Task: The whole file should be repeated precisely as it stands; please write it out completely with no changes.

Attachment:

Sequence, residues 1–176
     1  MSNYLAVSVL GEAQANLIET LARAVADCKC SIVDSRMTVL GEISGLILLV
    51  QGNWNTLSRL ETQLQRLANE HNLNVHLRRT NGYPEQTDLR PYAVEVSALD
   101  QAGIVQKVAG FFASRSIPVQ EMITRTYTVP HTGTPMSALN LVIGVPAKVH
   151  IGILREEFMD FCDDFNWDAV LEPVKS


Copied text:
Sequence, residues 1–176
     1  MSNYLAVSVL GEAQANLIET LARAVADCKC SIVDSRMTVL GEISGLILLV
    51  QGNWNTLSRL ETQLQRLANE HNLNVHLRRT NGYPEQTDLR PYAVEVSALD
   101  QAGIVQKVAG FFASRSIPVQ EMITRTYTVP HTGTPMSALN LVIGVPAKVH
   151  IGILREEFMD FCDDFNWDAV LEPVKS